Symbolism In 'The Yellow Wallpaper'

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In “The Yellow Wallpaper”, Charlotte Gilman critiques the restrictive nature of patriarchal society through the bars in the female narrator’s bedroom window that represent her relationship with her husband. As the narrator’s mental health deteriorates near the end of the story, she recognizes that the bars on her window physically confine her to her room. She states that “To jump out of the window would be admirable exercise, but the bars are too strong even to try” (Gilman 1694). Thus, Gilman clearly reveals to the reader that the narrator desires freedom but is kept in her room by the bars on her window. These bars directly relate to the narrator’s relationship with her husband, John. The narrator is not satisfied by her relationship with her…show more content…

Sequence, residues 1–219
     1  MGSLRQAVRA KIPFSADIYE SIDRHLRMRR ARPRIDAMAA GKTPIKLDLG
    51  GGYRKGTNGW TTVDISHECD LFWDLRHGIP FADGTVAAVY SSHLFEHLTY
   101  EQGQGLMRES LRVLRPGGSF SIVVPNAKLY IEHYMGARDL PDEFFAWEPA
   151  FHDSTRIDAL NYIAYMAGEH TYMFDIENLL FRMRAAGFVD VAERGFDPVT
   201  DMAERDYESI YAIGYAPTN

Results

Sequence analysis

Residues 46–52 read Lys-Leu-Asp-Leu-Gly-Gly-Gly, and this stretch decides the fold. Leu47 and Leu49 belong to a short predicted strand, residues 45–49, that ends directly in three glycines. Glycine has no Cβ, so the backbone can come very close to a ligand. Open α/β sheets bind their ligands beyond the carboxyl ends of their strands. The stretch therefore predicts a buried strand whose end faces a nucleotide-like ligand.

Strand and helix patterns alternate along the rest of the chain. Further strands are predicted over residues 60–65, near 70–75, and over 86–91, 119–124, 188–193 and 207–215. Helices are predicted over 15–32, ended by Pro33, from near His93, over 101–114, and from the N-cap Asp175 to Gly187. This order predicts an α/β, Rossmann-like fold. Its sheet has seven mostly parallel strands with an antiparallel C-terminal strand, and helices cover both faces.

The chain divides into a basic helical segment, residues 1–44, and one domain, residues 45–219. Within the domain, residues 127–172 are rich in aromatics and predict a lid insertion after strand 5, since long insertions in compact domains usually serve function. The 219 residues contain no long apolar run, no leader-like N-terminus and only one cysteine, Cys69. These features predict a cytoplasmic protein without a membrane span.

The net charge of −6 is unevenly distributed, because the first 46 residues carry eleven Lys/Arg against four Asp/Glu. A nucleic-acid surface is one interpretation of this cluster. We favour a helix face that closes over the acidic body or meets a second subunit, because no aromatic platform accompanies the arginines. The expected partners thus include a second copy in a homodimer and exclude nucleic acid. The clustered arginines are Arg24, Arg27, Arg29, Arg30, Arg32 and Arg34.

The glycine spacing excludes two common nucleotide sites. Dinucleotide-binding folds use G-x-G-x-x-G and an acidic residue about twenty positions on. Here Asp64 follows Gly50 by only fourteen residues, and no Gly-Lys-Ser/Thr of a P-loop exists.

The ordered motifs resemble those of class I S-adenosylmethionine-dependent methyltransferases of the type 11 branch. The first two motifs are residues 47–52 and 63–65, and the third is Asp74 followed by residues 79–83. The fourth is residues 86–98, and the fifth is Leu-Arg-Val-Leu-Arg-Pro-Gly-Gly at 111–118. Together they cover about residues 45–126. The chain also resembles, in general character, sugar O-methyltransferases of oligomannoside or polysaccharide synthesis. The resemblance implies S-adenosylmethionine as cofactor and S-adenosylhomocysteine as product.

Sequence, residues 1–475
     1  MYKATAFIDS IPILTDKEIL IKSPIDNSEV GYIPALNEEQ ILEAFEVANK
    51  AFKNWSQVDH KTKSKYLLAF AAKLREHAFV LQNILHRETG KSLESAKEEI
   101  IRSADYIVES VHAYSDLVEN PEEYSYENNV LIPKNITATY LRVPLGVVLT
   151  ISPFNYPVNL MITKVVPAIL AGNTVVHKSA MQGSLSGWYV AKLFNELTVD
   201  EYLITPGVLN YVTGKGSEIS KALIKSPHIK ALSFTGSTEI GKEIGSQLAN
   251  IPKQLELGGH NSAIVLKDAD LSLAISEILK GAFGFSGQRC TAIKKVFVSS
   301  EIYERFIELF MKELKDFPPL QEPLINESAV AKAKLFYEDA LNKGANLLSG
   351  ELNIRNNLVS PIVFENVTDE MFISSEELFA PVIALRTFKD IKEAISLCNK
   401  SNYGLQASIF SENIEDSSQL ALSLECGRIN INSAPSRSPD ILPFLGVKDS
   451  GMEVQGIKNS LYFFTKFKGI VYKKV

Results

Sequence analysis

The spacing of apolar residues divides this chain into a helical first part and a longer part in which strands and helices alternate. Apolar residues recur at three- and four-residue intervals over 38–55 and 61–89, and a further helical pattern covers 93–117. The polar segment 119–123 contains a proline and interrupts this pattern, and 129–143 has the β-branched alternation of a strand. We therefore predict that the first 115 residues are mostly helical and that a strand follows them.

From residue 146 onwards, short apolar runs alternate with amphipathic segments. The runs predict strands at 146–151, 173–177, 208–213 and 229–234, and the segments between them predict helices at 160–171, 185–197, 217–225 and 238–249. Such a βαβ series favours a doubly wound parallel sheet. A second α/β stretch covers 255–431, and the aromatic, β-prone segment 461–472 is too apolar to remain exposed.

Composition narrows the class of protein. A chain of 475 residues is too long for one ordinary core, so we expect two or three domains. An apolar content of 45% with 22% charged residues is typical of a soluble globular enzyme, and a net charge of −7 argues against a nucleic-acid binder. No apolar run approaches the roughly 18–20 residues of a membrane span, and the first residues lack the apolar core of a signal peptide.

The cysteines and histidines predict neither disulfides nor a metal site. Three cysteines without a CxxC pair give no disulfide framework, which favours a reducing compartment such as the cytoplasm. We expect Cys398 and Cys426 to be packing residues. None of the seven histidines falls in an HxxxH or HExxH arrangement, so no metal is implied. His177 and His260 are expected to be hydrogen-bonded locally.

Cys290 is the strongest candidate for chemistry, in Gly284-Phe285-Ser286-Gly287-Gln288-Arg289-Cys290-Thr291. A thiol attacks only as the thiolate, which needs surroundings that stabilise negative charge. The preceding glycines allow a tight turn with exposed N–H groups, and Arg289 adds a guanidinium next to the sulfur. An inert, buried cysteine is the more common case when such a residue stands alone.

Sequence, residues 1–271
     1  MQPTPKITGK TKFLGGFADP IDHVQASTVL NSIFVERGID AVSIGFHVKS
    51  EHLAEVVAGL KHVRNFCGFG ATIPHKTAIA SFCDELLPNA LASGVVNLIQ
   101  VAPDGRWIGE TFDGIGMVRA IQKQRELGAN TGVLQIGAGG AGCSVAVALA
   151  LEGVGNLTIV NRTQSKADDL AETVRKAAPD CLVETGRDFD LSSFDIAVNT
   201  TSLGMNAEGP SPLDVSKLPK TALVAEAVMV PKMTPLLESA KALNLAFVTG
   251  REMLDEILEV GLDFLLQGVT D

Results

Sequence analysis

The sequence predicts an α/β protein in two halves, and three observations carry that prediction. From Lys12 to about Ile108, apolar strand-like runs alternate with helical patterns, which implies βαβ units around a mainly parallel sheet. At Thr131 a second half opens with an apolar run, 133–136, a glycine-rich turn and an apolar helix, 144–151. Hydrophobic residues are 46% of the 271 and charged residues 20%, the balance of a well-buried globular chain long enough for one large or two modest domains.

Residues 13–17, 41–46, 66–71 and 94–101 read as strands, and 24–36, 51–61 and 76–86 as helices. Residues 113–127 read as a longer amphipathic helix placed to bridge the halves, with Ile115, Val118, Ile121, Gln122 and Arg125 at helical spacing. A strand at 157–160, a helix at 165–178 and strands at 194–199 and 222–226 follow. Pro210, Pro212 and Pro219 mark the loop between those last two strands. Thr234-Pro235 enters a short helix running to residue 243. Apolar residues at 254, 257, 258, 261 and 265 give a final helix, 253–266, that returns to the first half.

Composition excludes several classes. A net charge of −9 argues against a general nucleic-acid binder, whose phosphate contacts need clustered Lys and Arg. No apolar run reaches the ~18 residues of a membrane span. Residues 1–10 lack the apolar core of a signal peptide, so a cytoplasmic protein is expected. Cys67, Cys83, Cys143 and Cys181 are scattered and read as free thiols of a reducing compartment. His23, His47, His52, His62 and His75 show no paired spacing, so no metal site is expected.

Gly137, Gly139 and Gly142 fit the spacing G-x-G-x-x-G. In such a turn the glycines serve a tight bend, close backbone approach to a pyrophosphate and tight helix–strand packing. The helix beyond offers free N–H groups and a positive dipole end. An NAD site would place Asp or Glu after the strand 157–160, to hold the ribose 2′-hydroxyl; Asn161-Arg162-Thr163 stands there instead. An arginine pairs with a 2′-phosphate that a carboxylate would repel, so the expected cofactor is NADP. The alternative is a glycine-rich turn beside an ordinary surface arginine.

Thus, the bars in the narrator’s window serve as a gothic symbol for the relationship the narrator has with her husband because of the way in which they both restrict her independence and power. This symbolism reveals Gilman’s critique of patriarchal society, as she draws attention to the confinement of women in society through the physical confinement of the narrator. This suggests that Gilman condemns the way in which patriarchal society limits the independence and authority of woman at this time. Furthermore, the narrator observes that “John is away all day, and even some nights” (Gilman 1686). This displays that John does not understand the challenges the narrator faces because of her confinement and he simply assumes that he knows what is best for her. Therefore, John’s refusal to let his wife leave the house clearly reveals his perceived superiority. Similarly, the narrator describes the bars as strong and acknowledges her inability to overpower them. Thus, the bars in the narrator’s window also signify the relationship the narrator has with her husband because of the way in which they are both superior to the
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